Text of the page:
Thursday, July 30, 2009

News You Can Use

A Roadmap to Inspiration

The Sunday New York Times on July 26, 2009 ran a great op-ed piece from Nicholas Kristol. Kristol, a columnist since 2001, has shown himself to be a true humanitarian, traveling personally to Darfur and writing tremendously gritty pieces to shed light on the deplorable situation there.

In another tour de force he describe the improbable and inspiring story of Scott Harrison. A successful club promoter in New York, Harrison had a moment of insight and inspiration at 33 when he took stock of his decadent lifestyle and reinvented himself.

A stint of volunteer service with Mercy Ships, a charity that performs free surgical proceedures for impoverished people in developing countries left him changed. In Kristol's words:

“The first person I [Harrison] photographed was a 14-year-old boy named Alfred, choking on a four-pound benign tumor in his mouth, filling up his whole mouth,” Mr. Harrison recalled. “He was suffocating on his own face. I just went into the corner and sobbed.”

A few weeks later, Mr. Harrison took Alfred — with the tumor now removed — back to his village in the West African country of Benin. “I saw everybody celebrating, because a few doctors had given up their vacation time,” he said.
Harrison was filled with passion. As a result he founded charity:water to bring potable to world's poorest people. The program has been successful, with $10,000,000 being raised in just its first 3 years. Kristol outlines his steps to success:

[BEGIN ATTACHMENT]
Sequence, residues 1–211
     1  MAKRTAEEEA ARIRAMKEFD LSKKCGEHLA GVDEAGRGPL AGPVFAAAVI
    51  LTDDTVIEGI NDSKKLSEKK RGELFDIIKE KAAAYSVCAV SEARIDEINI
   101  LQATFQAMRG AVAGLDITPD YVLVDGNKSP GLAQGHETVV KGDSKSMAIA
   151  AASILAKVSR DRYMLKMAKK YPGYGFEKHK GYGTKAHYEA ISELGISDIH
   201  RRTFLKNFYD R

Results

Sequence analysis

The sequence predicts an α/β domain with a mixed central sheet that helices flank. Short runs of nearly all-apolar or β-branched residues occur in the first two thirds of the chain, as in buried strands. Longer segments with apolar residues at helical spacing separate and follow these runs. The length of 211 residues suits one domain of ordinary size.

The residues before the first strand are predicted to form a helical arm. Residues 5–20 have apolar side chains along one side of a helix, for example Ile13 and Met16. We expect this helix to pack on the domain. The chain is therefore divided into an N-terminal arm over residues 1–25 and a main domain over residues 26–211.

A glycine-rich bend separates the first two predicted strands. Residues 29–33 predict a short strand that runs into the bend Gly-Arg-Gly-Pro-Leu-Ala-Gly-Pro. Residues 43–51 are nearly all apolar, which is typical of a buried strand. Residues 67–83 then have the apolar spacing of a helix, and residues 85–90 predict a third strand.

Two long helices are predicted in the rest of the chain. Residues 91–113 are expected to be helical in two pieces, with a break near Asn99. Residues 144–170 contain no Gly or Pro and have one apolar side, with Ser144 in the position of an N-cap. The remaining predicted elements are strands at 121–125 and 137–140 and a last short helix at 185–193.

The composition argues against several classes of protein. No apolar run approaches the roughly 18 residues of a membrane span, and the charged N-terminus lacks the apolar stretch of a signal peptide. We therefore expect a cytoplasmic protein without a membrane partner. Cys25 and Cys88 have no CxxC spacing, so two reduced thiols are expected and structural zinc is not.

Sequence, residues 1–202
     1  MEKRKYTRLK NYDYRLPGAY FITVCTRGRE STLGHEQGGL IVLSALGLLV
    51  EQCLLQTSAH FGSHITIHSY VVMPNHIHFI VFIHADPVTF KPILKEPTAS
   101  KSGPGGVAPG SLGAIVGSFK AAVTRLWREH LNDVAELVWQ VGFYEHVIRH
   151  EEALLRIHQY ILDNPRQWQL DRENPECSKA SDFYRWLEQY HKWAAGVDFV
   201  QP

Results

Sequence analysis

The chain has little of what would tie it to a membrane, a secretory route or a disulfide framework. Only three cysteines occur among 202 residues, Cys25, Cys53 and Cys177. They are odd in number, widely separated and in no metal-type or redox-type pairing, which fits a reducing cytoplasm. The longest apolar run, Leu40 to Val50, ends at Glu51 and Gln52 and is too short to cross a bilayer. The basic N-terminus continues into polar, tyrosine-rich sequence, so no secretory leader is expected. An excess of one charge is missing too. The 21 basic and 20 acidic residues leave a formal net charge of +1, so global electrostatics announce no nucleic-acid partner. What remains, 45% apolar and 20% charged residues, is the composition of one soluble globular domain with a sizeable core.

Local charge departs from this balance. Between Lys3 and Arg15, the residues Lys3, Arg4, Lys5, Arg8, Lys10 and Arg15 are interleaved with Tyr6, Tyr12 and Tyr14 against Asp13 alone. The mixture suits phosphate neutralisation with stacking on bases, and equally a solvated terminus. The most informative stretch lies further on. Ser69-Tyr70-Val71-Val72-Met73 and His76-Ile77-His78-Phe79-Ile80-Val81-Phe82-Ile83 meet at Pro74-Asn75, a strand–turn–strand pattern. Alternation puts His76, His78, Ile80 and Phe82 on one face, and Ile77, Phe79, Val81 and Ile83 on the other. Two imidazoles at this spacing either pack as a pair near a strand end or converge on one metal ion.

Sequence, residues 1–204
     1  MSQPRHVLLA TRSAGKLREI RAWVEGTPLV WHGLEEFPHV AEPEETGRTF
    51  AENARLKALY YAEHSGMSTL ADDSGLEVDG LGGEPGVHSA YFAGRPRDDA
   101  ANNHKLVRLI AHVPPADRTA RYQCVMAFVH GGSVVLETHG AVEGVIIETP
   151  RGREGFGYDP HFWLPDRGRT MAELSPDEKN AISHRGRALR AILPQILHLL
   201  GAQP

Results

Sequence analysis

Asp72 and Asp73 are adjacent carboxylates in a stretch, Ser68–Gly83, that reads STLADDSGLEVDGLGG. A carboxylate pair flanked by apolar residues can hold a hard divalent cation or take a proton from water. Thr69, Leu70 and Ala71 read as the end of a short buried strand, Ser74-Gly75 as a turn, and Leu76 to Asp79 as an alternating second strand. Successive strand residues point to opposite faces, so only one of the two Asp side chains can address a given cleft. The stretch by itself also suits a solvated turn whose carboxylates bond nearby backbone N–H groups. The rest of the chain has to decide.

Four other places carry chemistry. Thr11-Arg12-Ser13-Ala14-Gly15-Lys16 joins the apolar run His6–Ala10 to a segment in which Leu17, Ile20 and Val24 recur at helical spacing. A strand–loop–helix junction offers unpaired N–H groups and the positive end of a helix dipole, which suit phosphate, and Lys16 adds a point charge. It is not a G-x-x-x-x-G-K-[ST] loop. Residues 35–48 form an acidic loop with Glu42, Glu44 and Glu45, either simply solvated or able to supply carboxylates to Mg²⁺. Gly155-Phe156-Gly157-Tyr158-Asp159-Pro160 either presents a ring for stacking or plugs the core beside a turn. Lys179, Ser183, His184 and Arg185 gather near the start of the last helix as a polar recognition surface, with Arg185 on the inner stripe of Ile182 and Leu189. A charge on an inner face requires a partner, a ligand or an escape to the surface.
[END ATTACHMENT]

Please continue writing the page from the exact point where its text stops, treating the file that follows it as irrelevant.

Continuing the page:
First, ensure that every penny from new donors will go to projects in the field. He accomplishes this by cajoling his 500 most committed donors to cover all administrative costs.

Second, show donors the specific impact of their contributions. Mr. Harrison grants naming rights to wells. He posts photos and G.P.S. coordinates so donors can look up their wells on Google Earth. And in September, Mr. Harrison is going to roll out a new Web site that will match even the smallest donation to a particular project that can be tracked online.

Third, leap into new media and social networks. This spring, charity: water raised $250,000 through a "Twestival" — a series of meetings among followers on Twitter. Last year, it raised $965,000 by asking people with September birthdays to forgo presents and instead solicit cash to build wells in Ethiopia. The campaign went viral on the Web, partly because Mr. Harrison invests in clever, often sassy videos.

I urge you to read the entire op-ed.

So what can we take away from this inspiring story? First, never underestimate the power of a compelling story. As Alfred's story so inspired Harrison, so too can the stories of the children in our program. Second, in many ways the charity:water program is set up like our Learning Centers. In our case the overhead is covered by the Supreme Council Benevolent Foundation and sponsor Valleys. We should communicate that more. Third, personalization of the donation forges strong ties with our donors. That is the benefit of Sponsor a Child. Finally communication is a must. The more and more we reach out person to person, the more successful we become.

Check back here next week for an important contest post inspired by this article.


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